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Posted: 12 Oct 2011, 20:02 

So, for some systems such as PAL+, technical information is readily available. Others, such as red-blue anaglyph 3D, are just obvious. I thought a thread with information on the less well known systems might be useful. I have some technical papers on MUSE Hi-Vision LD, & the two different types of HDVS discs, so I'll start with that.

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 Post subject: MUSE Hi-Vision LD, part 1
Posted: 12 Oct 2011, 20:42 

There were actually multiple iterations of MUSE optical videodiscs before the final consumer product was developed. The goal was to have 30 minutes per side playback time in CAV mode, or 60 minutes in CLV, the same as standard NTSC LD, but this was difficult to achieve. The MUSE signal has a bandwidth of 8.1 MHz, as opposed to 4~5 MHz for NTSC or PAL, meaning that the carrier frequency has to be higher, and the recorded bandpass wider.

The first prototype MUSE LD system was developed in 1984. (That's right, kids, before the first Digital Audio LDs were released!) At that time, the MUSE system was still under development, but it was recognized that packaged media would be important to the introduction of HDTV. The early MUSE system used a carrier-multiplex form of digital audio which was incompatible with LD recording, so a different type of multiplex was used on the disc, and processing was necessary in the player to change it back into the form accepted by the MUSE decoder. As a result, audio was limited to two channels of 32 kHz sampled 10-bit companded PCM.

The carrier frequency used was 14 MHz, with deviation of ±2 MHz, ie, black level at 12 MHz, white level at 16 MHz. The same emphasis used for broadcasting was applied. A second signal was also recorded, a "pilot tone" at a frequency of 2.28 MHz (67.5 times the line frequency) & an amplitude of -20 dB relative to the video carrier. This provided a reference for synchronization & to drive the moving-mirror tangential servo, so that jitter could be reduced to below 10 ns without the use of a digital time-base corrector.

The track pitch of the disc was 1.65 micron, and the minimum linear playing speed was 18 meters per second. The inner recorded radius in CAV mode was 95 millimeters, giving a play time of 17 minutes at the conventional 1800 revolutions per minute. In CLV mode, the inner recorded radius was 55 mm, the speed varied from 3100 to 1200 RPM, & the playing time was 30 minutes.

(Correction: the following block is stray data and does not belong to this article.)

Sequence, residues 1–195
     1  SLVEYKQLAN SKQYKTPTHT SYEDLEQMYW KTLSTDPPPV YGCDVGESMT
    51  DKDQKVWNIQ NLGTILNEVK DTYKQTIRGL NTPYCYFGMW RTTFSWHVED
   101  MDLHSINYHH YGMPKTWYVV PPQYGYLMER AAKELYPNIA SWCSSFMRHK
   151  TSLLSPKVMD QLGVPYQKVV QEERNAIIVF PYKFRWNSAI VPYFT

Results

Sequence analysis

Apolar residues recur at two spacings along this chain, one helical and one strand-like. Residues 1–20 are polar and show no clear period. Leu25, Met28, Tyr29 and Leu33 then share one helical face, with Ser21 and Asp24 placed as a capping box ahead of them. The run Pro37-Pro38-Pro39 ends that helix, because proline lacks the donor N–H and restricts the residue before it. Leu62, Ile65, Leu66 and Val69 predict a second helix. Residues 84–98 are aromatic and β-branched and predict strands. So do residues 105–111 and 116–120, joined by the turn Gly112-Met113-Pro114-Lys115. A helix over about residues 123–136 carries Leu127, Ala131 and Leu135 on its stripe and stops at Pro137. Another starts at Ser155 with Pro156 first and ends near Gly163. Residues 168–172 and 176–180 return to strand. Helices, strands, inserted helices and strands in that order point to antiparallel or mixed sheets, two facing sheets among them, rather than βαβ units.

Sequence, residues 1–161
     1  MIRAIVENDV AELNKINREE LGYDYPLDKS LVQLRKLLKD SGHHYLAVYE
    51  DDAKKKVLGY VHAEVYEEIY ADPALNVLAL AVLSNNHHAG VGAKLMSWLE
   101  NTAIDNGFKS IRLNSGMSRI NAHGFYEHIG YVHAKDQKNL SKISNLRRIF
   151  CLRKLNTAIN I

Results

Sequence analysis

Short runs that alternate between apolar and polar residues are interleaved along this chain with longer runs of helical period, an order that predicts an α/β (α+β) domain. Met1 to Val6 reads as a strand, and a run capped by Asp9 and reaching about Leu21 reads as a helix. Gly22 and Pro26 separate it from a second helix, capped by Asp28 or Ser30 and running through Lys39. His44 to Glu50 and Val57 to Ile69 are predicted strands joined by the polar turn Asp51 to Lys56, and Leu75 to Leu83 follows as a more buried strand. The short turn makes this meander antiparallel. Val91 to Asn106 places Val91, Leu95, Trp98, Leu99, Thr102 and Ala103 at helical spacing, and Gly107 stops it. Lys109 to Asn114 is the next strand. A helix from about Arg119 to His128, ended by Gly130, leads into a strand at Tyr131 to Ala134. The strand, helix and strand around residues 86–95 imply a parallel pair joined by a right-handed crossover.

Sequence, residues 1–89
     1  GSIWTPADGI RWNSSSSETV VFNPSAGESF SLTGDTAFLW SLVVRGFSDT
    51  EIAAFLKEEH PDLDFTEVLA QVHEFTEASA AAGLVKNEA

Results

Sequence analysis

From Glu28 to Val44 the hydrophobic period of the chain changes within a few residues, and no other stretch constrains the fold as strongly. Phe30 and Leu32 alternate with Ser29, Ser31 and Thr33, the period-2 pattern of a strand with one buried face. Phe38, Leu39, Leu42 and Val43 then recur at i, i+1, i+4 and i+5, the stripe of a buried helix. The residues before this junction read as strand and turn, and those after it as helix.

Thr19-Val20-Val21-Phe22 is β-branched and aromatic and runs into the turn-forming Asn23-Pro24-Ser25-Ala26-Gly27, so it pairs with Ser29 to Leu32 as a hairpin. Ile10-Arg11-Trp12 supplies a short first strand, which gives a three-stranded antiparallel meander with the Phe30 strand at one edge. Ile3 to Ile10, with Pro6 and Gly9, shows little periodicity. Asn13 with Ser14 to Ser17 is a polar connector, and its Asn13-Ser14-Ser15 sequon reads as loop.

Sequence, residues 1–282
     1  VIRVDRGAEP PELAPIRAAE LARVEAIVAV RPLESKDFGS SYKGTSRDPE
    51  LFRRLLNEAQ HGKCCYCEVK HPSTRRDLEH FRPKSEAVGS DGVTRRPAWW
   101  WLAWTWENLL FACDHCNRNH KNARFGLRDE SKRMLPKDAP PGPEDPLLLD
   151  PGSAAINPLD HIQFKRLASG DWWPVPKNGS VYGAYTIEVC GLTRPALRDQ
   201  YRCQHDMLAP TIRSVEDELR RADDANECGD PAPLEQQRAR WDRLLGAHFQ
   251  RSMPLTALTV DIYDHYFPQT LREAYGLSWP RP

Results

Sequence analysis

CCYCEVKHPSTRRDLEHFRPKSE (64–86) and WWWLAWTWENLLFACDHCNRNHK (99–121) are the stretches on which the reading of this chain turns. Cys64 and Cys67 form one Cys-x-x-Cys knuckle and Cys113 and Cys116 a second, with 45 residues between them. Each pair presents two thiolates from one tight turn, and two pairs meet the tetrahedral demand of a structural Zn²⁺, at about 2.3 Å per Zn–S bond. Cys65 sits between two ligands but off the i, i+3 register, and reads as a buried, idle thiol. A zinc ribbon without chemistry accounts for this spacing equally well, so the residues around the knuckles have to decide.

Information & illustration from "Optical Videodisc for High-Definition Television by the MUSE", Tateo Toyama et al, SMPTE Journal , January 1986, pp 25 et seq. (Paper originally presented at 19th Annual SMPTE Television Conference, 16 February 1985.)

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Posted: 12 Oct 2011, 21:29 

Supposedly there was an effort to develop a MUSE version of VHD, but this seems to have gone nowhere.

Sanyo continued working on the MUSE LD problem, & the MUSE encoding format itself continued to evolve. A second Sanyo system was similar to the first, with the same pilot tone frequency (aplitude -28 dB) & play time, but used a deviation of only ±1.5 MHz, so that the black & white level frequencies were 12.5 & 15.5 MHz. This system again multiplexed 32 kHz, 14-10 bit companded 2-channel audio data into the MUSE signal, and also added a CD-type audio track, for a total of 4 channels. ( "Hi-Vision Optical Video Disc", Toshiaki Hioki et al, IEEE Transactions on Consumer Electronics , vol 34 no 1, February 1988, pp 72 et seq. )

By 1991, Sanyo had developed a disc with 60 minutes of play time per side. This used a pickup with a lens numerical aperture of 0.6 and a newly-developed laser diode with a wavelength of 670 nanometers (as opposed to 0.5 and 780 nm for NTSC players), providing a smaller scanning-spot size. This allowed reducing the linear velocity to 14 m/s, and the track pitch to 1.12 microns. The carrier frequency and deviation were changed to 13±1.5 MHz. The MUSE signal, which by that time had been finalized (daily broadcasts began in that same year), was used without alteration, and the CD-type audio signal was multiplexed at -27 dB. Thus, a total of 6 audio channels was available, four from the MUSE A-mode audio signal, & 2 from the Red Book track. ( "High Density Muse Videodisc", Hitoshi Terasaki et al, IEEE Transactions on Consumer Electronics , vol 37 no 3, August 1991. )

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Posted: 12 Oct 2011, 21:51 

At this point, other consumer electronics manufacturers became involved. A consortium of five firms, including Sanyo and Pioneer, was formed in September 1991 to develop & market the Hi-Vision LD format, & Pioneer introduced the HLD-V500 commercial player based on this format in May 1992.